Such a one was the eunuch who went up to Jerusalem from Ethiopia in Acts 8,. He sought the Saviour, but he did not find Him in Jerusalem. He found "religion" there, and plenty of it; but he did not find that Blessed One; for He had been rejected, "crucified, and slain." So the eunuch was returning, and was still seeking for the Living Word in the Written Word; "and, sitting in his chariot, read Isaiah the prophet."
Being directed by the Divine Angel-messenger, Philip "ran thither to him and heard him reading the prophet Isaiah, and said
And he said:
Philip's question (v 30) implies (in the Greek) a doubt on Philip's part as to whether the eunuch did really understand. And the eunuch's reply (v 31) implies a negative answer. It begins with the word "for," which is not translated either in the AV or RV. If we supply the ellipsis of the negative which is so clearly implied we can then translate the word gar (gar), for; thus;
Of course, the Holy Spirit Himself is THE guide and teacher of His own Word. But sometimes, as in this case, He sends a messenger, and uses human instruments and agencies.
The word to guide is odhgew (hodegeo), to lead or guide in the way.* It is this guidance which the ordinary reader stands in need of to-day; and never more than to-day, when so many would-be guides are "blind leaders of the blind." On all hands there are so many attractions to draw readers out of "the way" altogether; and so many "good" books and "helps" to lead them astray.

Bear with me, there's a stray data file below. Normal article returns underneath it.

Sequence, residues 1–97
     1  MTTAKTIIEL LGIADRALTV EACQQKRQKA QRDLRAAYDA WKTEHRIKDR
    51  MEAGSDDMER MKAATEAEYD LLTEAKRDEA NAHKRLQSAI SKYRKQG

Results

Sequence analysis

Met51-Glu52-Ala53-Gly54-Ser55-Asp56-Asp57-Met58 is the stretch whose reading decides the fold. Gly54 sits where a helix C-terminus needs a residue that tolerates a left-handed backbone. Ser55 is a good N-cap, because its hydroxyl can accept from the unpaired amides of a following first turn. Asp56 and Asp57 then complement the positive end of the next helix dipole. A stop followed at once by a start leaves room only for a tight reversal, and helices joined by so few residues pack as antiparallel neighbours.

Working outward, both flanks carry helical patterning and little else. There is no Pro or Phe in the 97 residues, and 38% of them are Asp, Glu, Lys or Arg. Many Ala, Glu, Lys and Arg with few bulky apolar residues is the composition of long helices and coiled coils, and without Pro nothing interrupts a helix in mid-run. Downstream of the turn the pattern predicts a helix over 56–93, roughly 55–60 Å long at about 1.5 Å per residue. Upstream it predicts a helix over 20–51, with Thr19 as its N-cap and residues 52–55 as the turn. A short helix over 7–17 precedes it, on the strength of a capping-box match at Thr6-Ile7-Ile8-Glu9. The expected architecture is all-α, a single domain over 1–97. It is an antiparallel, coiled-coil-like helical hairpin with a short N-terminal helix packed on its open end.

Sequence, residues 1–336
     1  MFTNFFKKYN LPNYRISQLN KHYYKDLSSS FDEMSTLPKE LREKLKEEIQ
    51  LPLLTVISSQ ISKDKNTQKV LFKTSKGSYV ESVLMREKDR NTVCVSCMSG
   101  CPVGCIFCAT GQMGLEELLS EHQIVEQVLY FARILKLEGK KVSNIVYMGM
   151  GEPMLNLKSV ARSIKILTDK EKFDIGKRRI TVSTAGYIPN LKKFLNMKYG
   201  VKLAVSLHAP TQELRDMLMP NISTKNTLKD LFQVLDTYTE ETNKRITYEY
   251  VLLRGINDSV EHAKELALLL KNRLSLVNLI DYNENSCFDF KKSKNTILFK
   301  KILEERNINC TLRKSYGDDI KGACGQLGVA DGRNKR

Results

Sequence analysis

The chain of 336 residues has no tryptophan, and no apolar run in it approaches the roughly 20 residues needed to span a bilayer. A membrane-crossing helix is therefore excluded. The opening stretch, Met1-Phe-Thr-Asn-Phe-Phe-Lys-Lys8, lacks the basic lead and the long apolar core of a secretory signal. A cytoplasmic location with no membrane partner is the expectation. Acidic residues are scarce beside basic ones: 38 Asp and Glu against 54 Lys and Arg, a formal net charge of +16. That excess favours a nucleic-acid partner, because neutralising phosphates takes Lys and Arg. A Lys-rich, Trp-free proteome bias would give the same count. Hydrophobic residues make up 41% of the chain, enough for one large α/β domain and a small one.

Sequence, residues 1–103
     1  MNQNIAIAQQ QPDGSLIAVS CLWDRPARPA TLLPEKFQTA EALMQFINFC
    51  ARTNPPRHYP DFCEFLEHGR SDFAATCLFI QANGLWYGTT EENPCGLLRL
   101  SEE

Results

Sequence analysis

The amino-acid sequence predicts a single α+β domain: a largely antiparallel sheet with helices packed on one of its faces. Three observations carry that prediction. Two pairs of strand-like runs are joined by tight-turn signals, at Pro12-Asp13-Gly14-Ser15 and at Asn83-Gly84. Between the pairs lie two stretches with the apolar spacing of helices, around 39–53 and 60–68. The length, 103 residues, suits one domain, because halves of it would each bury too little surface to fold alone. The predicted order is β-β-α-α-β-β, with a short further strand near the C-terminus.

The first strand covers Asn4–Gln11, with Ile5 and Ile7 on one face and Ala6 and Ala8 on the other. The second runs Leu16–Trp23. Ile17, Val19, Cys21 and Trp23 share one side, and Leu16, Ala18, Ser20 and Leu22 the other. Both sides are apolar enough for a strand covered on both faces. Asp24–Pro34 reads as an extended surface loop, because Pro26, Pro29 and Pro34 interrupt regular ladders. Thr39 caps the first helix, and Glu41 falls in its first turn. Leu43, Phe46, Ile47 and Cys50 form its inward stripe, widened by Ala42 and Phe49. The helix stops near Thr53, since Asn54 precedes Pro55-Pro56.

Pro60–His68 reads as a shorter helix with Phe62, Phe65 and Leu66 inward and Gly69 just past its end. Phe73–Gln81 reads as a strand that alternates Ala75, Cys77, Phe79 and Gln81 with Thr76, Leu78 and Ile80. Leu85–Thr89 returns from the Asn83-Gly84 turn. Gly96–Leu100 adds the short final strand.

We cannot pretend to be a Philip, or to have his special commission. But, without assuming to teach others on such an important subject we may at least tell them what lines of study we have ourselves found helpful; and what principles we have found useful in our own searchings of God's Word.
But these will be useless unless we are first prepared to unlearn. If any think they know all, or that they have exhausted the Divine Word; or that what they set out to learn is only to be in addition to what they already know, instead of sometimes in substitution for it, then we shall be of little service to them: and they need not follow us any further. When we come to ask ourselves, and say, "Where did I learn this?" "How did I get this?" "Who taught me this?" it is astonishing to find how much we have imbibed from man, and from tradition; and not directly and for ourselves, from the Word of God.
All that we have learned from our youth up must be tested and proved by the Word of God. Where we find it is true we must learn it over again, from God. And where it will not stand the test of His Word we must be not only content, but thankful to give it up; and receive Divine revelation in the place of man's imagination. With these introductory remarks we shall proceed to divide what we may call our essential and fundamental principles of Bible study into two parts: